Attitudes toward rape: Gender and ethnic differences across Asian and Caucasian college students

Abstract

Previous research has demonstrated that males have a greater tendency to hold erroneous beliefs about rape than females. However, limited cross-cultural studies, particularly of Asians, have been done in this area. The present investigation examined attitudes toward rape victims and belief in rape myths across 302 Asian and Caucasian college students. Subjects were recruited from two college campuses in Orange County, California, and were from predominantly middle-income backgrounds. None of the Caucasian students and a minority (36.25%) of the Asian subjects identified their particular ethnic group(s) of origin. Of the Asian subjects who specified their ethnicity, the majority were of Southeast Asian and Pacific Islander descent. Results indicated significant differences across ethnicity and gender. Asians were more likely to endorse negative attitudes toward rape victims and greater belief in rape myths than their Caucasian counterparts; males endorsed greater negativity toward rape victims and more acceptance of rape myths than did females. Asian subjects who endorsed greater acculturation (Western affiliation) differed significantly from low acculturated subjects on all dependent variables. Results are discussed in regard to cross-cultural differences and gender. Culturally sensitive rape awareness outreach targeting potentially high risk groups, such as Asian college students, is encouraged.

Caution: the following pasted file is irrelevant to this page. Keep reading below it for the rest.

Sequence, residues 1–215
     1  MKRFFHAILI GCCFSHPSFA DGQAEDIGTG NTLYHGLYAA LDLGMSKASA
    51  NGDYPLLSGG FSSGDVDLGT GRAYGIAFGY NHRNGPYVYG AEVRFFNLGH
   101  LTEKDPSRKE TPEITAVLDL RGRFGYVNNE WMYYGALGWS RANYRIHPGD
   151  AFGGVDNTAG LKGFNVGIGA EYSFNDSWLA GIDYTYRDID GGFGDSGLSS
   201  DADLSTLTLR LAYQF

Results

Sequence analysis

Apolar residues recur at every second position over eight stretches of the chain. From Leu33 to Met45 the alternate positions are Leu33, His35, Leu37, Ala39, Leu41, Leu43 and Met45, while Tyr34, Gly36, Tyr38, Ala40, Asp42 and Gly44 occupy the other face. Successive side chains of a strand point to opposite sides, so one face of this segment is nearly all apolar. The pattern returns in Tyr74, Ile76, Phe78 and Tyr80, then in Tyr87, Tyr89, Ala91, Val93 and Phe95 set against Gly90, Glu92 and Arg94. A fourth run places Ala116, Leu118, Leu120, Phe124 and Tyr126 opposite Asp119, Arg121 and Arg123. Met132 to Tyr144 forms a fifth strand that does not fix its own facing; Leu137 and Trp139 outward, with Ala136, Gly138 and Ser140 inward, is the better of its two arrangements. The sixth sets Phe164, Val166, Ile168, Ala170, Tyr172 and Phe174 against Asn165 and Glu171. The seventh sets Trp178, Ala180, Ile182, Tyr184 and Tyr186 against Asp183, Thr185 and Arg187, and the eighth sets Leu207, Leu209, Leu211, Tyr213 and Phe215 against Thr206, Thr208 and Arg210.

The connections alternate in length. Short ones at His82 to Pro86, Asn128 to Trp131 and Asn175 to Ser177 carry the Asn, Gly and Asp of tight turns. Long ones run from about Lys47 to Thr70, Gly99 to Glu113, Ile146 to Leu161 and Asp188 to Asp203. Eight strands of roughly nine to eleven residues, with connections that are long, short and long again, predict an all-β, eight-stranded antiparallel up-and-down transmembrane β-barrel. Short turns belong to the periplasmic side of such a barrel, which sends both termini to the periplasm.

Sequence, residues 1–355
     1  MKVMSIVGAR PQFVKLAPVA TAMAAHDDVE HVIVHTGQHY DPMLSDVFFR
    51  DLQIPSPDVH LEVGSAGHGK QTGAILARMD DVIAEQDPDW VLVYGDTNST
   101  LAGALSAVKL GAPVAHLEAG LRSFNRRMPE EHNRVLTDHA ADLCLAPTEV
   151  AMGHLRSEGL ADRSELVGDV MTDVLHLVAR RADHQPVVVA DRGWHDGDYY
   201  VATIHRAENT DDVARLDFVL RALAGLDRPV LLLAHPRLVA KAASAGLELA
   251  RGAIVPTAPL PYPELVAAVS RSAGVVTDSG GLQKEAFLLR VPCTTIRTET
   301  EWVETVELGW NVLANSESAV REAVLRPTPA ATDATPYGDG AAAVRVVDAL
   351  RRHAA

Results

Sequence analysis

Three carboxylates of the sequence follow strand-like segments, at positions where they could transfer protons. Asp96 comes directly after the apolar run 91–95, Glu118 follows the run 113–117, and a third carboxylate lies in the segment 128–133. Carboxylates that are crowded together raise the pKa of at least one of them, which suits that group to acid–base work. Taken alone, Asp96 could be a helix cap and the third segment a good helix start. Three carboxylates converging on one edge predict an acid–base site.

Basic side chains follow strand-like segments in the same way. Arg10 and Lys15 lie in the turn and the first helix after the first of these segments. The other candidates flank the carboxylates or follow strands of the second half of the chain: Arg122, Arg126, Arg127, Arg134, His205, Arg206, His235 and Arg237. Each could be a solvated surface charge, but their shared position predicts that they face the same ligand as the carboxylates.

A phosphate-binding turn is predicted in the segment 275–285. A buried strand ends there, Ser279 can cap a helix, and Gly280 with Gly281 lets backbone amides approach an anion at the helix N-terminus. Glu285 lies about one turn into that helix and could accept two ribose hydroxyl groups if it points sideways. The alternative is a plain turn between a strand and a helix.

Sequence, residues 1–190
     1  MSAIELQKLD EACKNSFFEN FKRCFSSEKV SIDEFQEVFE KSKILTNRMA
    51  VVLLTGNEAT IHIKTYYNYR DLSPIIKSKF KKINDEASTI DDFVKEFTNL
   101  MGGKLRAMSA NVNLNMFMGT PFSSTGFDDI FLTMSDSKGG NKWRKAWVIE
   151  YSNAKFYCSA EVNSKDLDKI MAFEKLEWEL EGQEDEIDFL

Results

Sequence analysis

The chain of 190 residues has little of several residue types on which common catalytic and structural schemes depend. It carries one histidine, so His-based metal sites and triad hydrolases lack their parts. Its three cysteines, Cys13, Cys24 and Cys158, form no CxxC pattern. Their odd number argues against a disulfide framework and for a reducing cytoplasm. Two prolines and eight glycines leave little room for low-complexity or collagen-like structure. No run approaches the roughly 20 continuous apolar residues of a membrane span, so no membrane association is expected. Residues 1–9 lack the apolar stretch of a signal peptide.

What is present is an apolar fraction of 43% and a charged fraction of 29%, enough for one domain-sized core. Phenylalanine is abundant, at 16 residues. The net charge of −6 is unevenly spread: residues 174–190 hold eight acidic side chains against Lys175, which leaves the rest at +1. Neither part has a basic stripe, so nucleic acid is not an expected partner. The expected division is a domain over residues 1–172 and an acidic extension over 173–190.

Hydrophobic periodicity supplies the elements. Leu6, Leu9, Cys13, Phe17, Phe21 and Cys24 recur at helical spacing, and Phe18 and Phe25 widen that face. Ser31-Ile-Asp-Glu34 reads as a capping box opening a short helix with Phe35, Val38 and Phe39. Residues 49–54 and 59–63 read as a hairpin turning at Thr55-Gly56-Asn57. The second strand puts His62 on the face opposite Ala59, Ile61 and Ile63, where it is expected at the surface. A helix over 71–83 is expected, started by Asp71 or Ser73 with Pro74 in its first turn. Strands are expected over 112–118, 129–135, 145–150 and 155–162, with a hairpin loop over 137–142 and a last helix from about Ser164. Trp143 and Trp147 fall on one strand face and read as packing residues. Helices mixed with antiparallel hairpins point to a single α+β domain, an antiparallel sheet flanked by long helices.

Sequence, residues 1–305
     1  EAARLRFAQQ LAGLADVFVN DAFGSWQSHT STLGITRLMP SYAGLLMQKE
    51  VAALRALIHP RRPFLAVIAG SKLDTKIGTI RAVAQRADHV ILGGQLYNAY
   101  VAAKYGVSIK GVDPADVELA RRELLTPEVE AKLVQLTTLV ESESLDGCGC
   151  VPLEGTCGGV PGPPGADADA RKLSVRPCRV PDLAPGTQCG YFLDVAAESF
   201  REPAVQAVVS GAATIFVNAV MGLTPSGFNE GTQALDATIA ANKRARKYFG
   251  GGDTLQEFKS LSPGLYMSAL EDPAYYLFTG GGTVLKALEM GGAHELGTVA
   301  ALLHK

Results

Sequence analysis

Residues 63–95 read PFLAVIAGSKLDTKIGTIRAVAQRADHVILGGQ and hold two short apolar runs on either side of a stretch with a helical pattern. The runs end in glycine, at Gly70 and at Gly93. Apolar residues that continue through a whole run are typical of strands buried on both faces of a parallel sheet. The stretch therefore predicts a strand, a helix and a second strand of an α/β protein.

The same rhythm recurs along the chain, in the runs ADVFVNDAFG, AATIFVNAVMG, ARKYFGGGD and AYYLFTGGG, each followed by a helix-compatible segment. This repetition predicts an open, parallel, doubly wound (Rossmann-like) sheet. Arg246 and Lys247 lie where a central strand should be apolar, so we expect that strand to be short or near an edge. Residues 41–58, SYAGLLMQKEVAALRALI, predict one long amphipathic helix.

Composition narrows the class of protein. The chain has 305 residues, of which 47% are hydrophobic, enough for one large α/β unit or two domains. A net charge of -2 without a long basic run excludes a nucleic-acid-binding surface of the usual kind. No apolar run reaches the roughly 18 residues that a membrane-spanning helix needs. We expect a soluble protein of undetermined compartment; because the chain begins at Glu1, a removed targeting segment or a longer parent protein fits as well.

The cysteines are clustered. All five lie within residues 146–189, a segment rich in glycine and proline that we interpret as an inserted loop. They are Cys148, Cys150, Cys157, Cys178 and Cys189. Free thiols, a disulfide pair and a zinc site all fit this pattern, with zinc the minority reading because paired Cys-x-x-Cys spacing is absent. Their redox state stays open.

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Correspondence to Lisa Mori.

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Mori, L., Bernat, J.A., Glenn, P.A. et al. Attitudes toward rape: Gender and ethnic differences across Asian and Caucasian college students. Sex Roles 32, 457–467 (1995). https://doi.org/10.1007/BF01544182

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Keywords

  • Negative Attitude
  • Ethnic Difference
  • Pacific Islander
  • College Campus
  • Rape Myth